We see that Augustine of Hippo, in a certain sense, wrestled with a similar conclusion. In accordance with the idea that we are unable to adequately capture the divine with any words due to the fact that God is transcendent of this world Augustine asks, “What has anyone achieved in words when he speaks about you?” (SEE: He asks this because he recognizes that, as mere mortals, nothing that we can say will adequately represent that which is eternal and beyond our comprehension. This is affirmed by his confession that, “My conception of [God] was a lie, not truth, the figments of my misery, not the permanent solidity of [His] supreme bliss” (ibid.). However, only a few passages earlier Augustine uses a whole paragraph to describe his conception of God. His description is filled with several occurrences of our contradiction, A & ~A. God is, “:wrathful and remain tranquil,” while He, “:will a change without any change,” as He is, “:always active, always in repose” (141). We see from this that Augustine had concepts by which he attempted to understand the divine, and that he recognized that all of his notions about God did not actually describe what the divine was. In this sense, we see that it is fitting that many of his ideas have the structure of A & ~A: in Augustine’s thoughts on the transcendent, we find that he had to have some conception of God in order to contemplate the divine (our A) and at the same time such notions are unable to represent the transcendent at all (our ~A). It appears that to better understand the divine we need some way of reconciling the paradox represented by A & ~A.

In, “The Metaphorical Process, Paul Recoeur suggests a way of dealing with this apparent conflict of interest (SEE: His view is that we regard as metaphors the language intended to pick out the divine as its reference, where, “:the metaphorical statement obtains its meaning [in] absurdity” (312). Through the juxtaposition of seemingly unrelated notions a, “Metaphorical interpretation consists in transforming a self defeating, sudden contradiction [our A & ~A] into a meaningful contradiction” (ibid.). Through the reconciliation of contradiction we find that metaphors create new meaning. We can see that if we attempt to think about the divine, then we need to have a way of harnessing the tension found between the immanent and the transcendent: we need to come to terms with the role that absurdity plays in generating our world. We must come to accept the force represented by A & ~A. For, as Ricoeur says, “:metaphorical interpretation gives rise to a re-interpretation of reality itself” (317). We realize that to re-interpret reality is to alter the way in which we relate to the world, and it is through relations that our world is created and maintained; thus, our expanding experience of the previously unknowable through an understanding of the tension between opposites leads to the empowerment to change the world. This last (empowerment) is often associated with the personal experience of the divine as immanent in our world.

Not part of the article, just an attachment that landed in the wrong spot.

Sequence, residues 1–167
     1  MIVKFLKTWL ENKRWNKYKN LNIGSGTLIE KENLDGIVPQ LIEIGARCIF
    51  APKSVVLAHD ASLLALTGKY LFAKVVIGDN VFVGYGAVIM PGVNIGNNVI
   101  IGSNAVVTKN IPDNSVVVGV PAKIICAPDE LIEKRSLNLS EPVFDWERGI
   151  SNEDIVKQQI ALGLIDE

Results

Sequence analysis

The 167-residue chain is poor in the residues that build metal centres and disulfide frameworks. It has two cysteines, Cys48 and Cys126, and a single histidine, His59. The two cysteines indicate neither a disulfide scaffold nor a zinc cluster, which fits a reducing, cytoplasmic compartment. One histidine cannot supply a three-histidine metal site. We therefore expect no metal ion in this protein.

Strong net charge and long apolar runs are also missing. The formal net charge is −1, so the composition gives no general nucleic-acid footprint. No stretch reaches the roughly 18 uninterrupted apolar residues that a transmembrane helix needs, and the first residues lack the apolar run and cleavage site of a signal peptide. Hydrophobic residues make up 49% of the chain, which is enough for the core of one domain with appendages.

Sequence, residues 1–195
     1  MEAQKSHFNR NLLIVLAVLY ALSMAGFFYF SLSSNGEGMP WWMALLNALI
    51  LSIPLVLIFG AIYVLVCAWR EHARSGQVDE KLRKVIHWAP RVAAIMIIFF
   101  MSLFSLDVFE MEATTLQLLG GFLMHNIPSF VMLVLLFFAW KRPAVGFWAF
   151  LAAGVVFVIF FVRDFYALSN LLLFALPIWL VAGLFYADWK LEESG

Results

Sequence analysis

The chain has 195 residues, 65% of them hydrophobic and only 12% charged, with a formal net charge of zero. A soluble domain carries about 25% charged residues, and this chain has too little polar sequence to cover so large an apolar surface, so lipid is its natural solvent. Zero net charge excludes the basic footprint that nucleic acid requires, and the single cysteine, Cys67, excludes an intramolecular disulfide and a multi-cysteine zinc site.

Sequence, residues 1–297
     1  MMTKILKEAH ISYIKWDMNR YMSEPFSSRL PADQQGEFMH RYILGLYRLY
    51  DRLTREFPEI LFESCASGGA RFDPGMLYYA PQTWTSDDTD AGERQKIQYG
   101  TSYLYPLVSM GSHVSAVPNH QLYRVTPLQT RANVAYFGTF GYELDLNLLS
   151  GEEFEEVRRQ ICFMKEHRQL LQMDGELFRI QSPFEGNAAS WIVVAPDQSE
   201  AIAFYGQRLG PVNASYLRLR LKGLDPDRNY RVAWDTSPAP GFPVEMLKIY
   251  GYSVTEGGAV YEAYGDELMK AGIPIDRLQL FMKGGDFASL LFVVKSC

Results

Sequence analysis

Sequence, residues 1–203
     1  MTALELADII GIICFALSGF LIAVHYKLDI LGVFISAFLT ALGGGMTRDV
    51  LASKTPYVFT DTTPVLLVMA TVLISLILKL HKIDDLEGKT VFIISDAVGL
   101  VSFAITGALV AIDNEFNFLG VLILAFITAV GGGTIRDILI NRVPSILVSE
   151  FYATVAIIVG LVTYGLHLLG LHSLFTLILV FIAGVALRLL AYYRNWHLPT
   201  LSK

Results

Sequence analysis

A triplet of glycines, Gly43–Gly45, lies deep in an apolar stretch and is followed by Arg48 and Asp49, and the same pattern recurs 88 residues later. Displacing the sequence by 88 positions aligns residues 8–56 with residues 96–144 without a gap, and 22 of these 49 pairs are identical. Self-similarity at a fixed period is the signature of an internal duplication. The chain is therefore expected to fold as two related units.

We have seen that our notions regarding the divine take on the appearance of a contradiction due to the inherent duality between the immanent and the transcendent. We can appreciate that the impossibility suggested by such tension and represented by the notation of A & ~A has caused humanity much perplexity; however, we find that there are ways of attempting to bridge the divide of this sharp dichotomy. It appears that it is through meaningful absurdity that we gain a voice able to speak about that which we can say nothing at all.

All references in this paper are from the reading package prepared by B. Moran for Philosophy 331 at the University of Calgary, Spring Semester, 2001. The package was printed by the University of Calgary Bookstore and Printing Services. The page numbers of the references correspond to the page numbers in the original works.

b.e. hydomako is not sure whether his parents were human, and sometimes feels that the sun and the moon are his father and mother respectively (or vice-versa). He doesn’t have a belly button, and the operation to remove the alien implants is forthcoming. Sometimes he thinks that the world is a projection of some malfunctioning machine.